The IRC fire sprinkler requirement, has been adopted statewide by the states of California and Maryland and by the District of Columbia, with many other states and local jurisdictions considering this requirement when they update their codes.

Home builder associations (HBAs) in many states pulled out all stops in an effort to block adoption of the IRC sprinkler provisions.  One notable exception is the State of California, where the building industry association supported adoption of the IRC with the residential sprinkler requirement included.  Today, a decade after requiring all new homes to have fire sprinklers, the housing markets in California and Maryland are thriving, and new homes with this state-of-the-art fire- and life-safety feature provide home builders with a competitive advantage over resale properties that do not include sprinkler systems.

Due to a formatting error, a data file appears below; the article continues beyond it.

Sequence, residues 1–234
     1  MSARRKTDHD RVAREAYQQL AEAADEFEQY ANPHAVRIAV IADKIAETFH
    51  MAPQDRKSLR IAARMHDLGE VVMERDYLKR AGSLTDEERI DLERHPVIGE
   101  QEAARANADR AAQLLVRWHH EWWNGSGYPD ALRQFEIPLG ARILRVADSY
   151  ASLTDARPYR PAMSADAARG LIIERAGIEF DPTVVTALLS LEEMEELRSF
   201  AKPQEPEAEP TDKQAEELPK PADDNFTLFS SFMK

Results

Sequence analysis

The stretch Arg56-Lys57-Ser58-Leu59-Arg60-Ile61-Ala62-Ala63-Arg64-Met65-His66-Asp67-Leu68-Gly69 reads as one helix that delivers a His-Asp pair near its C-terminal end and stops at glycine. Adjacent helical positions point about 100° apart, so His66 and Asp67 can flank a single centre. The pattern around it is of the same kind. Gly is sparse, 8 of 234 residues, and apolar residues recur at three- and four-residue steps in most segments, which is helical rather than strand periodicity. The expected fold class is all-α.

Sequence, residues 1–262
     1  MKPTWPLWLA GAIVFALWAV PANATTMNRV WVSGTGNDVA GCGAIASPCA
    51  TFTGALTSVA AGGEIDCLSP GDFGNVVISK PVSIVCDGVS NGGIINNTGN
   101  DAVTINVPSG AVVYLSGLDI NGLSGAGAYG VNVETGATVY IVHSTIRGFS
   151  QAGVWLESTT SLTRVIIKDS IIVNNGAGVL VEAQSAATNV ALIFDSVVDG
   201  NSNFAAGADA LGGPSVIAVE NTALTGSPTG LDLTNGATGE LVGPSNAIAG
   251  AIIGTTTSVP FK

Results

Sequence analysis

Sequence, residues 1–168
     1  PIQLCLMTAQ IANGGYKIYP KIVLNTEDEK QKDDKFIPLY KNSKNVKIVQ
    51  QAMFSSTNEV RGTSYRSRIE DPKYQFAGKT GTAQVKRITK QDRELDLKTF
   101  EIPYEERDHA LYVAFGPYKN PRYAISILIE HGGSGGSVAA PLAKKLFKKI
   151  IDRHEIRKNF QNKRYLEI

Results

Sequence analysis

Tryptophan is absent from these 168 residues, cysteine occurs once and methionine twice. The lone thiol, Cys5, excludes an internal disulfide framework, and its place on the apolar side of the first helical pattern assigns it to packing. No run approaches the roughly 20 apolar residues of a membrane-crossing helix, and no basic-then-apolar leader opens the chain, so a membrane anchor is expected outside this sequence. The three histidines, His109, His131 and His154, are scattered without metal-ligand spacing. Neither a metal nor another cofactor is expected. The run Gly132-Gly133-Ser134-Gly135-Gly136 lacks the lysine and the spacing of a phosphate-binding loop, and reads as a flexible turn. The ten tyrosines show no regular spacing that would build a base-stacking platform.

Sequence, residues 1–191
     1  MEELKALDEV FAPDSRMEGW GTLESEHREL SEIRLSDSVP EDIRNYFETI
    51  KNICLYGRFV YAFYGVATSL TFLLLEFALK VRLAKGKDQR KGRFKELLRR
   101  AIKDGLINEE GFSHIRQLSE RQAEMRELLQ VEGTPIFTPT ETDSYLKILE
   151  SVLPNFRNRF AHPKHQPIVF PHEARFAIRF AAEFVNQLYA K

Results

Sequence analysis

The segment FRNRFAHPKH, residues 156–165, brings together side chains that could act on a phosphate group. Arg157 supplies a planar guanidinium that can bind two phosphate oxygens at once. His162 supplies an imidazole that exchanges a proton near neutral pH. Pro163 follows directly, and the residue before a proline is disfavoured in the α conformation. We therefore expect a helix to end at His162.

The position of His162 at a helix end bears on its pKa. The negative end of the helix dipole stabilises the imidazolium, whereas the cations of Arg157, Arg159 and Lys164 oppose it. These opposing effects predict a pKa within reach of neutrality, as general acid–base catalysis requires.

One issue that may ultimately shift the perspective of builders towards residential fire sprinklers is legal liability.  Regardless of whether a state or locality chooses to amend fire sprinkler requirements out of the IRC, courts may well hold that it is incumbent upon builders to follow established standards of care for fire safety when they construct a new home.  With EVERY national code now requiring EVERY new residential property to be equipped with fire sprinklers, that standard of care is clearly established and is now well known to the industry, especially given the high profile of HBA opposition to sprinklers.  Accordingly, whenever a fire involving a post-2010 home is litigated, perhaps by a grieving family or by an insurance company seeking to recoup a payout for fire damage, a decision by a builder to not include sprinklers in a new home will be easily characterized as negligent, with a deliberate indifference towards life and property that yielded a defective home.